In recent years, one of the most commonly asked questions in surface measurement is, “How do I do R&R studies for my surface finish instruments?”
Perhaps a better question should be, “Should I use an R&R study when dealing with surface finish?” In many cases, the answer should be a strong “No!” In other cases, the answer could be “Maybe, but be very careful.”
Repeatability and Reproducibility (R&R) studies are used in the assessment of many measurement systems… in many cases these studies can be quite useful in determining an appropriate method or instrument. However, this may not necessarily be the case in surface finish measurement.
Better may not always be better!
For a simple measurement devices, such as a calipers or micrometers, the measurement is static and one-dimensional. If the device has good repeatability, it can be adjusted to give good accuracy and then the device is deemed acceptable. In the case of dynamic or measurements such as surface finish measurement (including roughness, waviness and profile), better repeatability may not mean a better gage. For example, a relatively “dead” instrument may repeat very well, but the measured values are meaningless as the instrument doesn’t have the ability to detect the actual surface features. Furthermore, the values produced by surface finish instruments cannot be “adjusted for accuracy by shifting the zero point” as is the case with one-dimensional instruments. If the surface finish instrument measures too low for a given surface, it may not measure too low on a different surface.
If you want the best possible repeatability – just unplug the gage! If you want to determine how good your instrument is you need a better method.
The surface is your enemy
When performing a traditional R&R study, one of the assumptions is that you can measure the same thing multiple times. Unfortunately, this is nearly impossible in surface measurement – particularly in profile (stylus-based) measurements. In these measurements, the stylus tip interacts with the surface in a path that is on the order of one micrometer wide. To place the stylus in exactly the same position for repeat measurements is nearly impossible. Furthermore, the first measurement may have actually changed (e.g. scratched) the surface through the stylus contact pressure. Typically, a surface texture R&R study provides an indication of the repeatability of the fixturing – not the performance of your instrument!
This is particularly noteworthy in measuring crosshatched surfaces – where moving the location of the profile trace, by just fractions of a millimeter, drastically changes the shape of the profile graphs and the resulting parameter values.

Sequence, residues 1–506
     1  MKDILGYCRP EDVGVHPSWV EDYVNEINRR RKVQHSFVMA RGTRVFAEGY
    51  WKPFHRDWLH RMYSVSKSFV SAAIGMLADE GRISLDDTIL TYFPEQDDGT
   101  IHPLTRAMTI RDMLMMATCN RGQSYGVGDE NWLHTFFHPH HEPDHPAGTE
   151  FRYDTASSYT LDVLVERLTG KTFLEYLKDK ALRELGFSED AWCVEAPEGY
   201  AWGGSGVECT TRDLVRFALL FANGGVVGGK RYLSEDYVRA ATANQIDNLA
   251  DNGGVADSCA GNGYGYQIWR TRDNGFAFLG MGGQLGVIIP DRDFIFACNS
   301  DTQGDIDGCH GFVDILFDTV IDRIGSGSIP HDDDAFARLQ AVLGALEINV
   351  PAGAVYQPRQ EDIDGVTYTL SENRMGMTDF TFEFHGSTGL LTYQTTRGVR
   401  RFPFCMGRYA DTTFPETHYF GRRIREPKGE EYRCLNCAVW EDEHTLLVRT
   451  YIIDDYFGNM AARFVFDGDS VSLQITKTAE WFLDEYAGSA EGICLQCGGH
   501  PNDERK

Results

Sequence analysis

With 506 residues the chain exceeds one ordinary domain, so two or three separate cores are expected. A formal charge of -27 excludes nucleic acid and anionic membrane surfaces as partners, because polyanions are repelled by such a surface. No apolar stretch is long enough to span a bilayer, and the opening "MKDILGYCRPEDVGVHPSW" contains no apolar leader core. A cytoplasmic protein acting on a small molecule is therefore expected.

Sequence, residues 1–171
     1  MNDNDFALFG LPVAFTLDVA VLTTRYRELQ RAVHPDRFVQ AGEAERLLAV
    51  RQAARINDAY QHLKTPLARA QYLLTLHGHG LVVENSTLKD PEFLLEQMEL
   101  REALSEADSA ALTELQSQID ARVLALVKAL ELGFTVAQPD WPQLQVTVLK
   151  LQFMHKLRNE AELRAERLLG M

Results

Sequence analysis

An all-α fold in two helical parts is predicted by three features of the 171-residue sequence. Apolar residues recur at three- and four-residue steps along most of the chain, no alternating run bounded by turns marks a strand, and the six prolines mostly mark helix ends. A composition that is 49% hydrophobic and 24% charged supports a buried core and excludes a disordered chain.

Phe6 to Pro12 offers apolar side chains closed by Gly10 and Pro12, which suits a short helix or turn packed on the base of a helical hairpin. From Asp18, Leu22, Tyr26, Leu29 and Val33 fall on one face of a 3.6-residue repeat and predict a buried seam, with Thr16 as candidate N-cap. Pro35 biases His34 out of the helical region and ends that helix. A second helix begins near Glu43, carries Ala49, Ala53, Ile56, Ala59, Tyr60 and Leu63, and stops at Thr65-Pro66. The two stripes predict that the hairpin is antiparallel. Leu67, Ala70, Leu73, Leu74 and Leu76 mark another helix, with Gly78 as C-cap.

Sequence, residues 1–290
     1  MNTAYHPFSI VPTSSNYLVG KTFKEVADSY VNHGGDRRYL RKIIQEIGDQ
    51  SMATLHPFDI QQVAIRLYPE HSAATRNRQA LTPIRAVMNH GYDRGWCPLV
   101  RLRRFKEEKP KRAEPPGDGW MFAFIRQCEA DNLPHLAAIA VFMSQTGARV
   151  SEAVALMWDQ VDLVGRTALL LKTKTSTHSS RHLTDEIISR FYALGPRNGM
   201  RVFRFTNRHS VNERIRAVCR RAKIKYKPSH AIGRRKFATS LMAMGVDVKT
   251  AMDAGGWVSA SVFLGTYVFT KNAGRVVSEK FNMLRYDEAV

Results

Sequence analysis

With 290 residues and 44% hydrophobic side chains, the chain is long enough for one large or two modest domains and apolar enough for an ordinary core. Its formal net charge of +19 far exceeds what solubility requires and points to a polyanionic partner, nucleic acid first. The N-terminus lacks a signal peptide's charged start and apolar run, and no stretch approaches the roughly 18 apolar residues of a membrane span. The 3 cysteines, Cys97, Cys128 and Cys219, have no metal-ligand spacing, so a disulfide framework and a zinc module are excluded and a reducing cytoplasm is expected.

So what is the answer?
A better approach to assessing an instruments performance comes through the use of an uncertainty analysis. Don’t let the scare you, it is not that difficult. Uncertainty analysis gives the answer to the question “How wrong can my result be?” Look at your watch right now. Go ahead, I’ll wait. Is the time correct? Probably not. How wrong do you think it is? That’s an uncertainty estimate.
To determine the uncertainty of a roughness instrument, we can look at the factors that can influence you measurement. (This is very similar to the Failure Mode and Effect Analysis (FMEA) used in manufacturing). In surface texture measurement these may include factors such as: (in no particular order)
- Traceability / Masters. Is a micron on the graph really a micron?
- Linearity. Do I get the same answer at different probe positions?
- Noise. Is that signal really the surface?
- Frequency Response. Can I see all wavelengths—long and short?
- Datum Straightness. Is that waviness really in my part?
- Software and Math. Is 2+2 really equal to 4.00001?
Digital Metrology has extensive experience in surface texture uncertainty analysis along with a set of test standards and procedures related to each of these error sources. Once quantified, these error sources can be combined to give an estimated measurement uncertainty for your particular instrument and measurement application. Coupling this instrument uncertainty with the “in-part variation” is useful in determining the number of measurements and the impact on process capability parameters such as Cpk. Most of the time, these have revealed very interesting results.
Contact Digital Metrology today!